Rosemary is another energizing scent to lift late winter spirits. It’s used for stress, anxiety, depression, and even strengthening brain function. Its strong scent may also be useful as a decongestant for winter colds.
In this podcast interview, Kathi Barber, author of The Black Woman’s Guide to Breastfeeding and Lactation Management: Strategies for Working with African American Moms, discusses the history of breastfeeding in the black community, from a strong African breastfeeding tradition, through slavery and wet nursing, to the present day. She also provides guidance for breastfeeding support people working with African American mothers.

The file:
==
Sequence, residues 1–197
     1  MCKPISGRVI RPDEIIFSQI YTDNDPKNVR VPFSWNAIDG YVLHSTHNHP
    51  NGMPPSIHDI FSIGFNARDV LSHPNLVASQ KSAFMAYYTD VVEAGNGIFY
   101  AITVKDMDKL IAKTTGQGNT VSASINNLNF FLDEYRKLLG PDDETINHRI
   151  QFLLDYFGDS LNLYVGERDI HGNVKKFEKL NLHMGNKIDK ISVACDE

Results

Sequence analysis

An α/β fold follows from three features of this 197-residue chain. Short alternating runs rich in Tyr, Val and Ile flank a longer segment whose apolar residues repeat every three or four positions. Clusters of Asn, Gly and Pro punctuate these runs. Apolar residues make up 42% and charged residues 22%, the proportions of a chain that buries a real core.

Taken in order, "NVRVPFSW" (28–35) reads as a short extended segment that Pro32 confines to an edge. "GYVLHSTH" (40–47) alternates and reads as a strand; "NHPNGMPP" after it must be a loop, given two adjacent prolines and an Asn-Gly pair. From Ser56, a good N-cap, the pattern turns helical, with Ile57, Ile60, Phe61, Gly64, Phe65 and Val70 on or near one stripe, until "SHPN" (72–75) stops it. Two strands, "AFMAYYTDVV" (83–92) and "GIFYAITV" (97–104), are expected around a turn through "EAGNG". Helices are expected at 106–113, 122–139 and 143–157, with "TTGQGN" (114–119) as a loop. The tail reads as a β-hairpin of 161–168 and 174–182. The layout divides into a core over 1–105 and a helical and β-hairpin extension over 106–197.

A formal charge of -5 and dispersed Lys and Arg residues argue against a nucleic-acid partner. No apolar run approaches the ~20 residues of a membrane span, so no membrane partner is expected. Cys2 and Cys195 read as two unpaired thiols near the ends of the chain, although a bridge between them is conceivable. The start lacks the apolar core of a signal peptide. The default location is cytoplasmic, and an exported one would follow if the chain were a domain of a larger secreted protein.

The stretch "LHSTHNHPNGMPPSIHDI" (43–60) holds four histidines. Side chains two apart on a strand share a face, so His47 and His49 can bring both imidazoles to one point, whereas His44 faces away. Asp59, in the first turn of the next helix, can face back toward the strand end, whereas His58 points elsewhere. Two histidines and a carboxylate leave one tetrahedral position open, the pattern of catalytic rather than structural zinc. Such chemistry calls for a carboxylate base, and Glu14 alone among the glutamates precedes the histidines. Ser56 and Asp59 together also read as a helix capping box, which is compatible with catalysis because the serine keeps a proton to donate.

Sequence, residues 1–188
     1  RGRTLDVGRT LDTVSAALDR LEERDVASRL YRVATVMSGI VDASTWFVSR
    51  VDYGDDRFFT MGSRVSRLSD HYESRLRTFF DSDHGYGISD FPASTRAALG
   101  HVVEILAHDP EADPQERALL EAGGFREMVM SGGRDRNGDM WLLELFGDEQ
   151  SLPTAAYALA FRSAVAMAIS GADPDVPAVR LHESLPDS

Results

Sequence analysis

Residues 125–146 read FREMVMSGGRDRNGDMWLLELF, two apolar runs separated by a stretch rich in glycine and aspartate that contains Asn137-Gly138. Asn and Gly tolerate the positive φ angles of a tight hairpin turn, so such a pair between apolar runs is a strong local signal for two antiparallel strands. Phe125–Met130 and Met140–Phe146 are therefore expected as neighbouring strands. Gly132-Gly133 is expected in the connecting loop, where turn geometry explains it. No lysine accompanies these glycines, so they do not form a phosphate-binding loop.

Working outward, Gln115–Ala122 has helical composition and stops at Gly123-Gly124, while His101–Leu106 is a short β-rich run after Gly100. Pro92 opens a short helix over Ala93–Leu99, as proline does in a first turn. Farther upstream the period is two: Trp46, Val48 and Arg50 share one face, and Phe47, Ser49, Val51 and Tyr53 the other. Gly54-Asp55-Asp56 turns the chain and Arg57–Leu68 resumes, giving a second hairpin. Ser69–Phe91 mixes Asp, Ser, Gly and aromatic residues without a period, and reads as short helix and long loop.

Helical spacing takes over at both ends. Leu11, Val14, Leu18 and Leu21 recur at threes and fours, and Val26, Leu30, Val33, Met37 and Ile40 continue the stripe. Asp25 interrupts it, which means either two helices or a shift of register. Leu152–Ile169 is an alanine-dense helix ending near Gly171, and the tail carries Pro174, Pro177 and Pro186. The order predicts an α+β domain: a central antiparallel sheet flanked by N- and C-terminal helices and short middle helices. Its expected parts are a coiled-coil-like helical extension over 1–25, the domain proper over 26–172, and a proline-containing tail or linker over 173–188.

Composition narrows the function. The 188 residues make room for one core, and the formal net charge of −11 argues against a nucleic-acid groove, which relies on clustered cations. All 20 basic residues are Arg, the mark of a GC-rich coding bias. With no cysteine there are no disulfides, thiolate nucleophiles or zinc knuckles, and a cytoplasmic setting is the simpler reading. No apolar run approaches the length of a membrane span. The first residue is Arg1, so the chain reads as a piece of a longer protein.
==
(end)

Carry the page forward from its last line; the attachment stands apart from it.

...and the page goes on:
These are common concerns during breastfeeding, and they’re perennial hot topics at breastfeeding and new mom support groups. Of course, there are many books that cover these issues, too.
But what if you want quick, reliable information from a trusted source in your purse and on your nightstand any time of day or night?
Nancy Mohrbacher, author of many of the best books on breastfeeding money can buy, like Breastfeeding Made Simple, Breastfeeding Answers Made Simple, and Breastfeeding Solutions, has produced a new app for iPhone and Android devices that covers all the basics. We spoke with Nancy last year in a podcast interview about night nursing.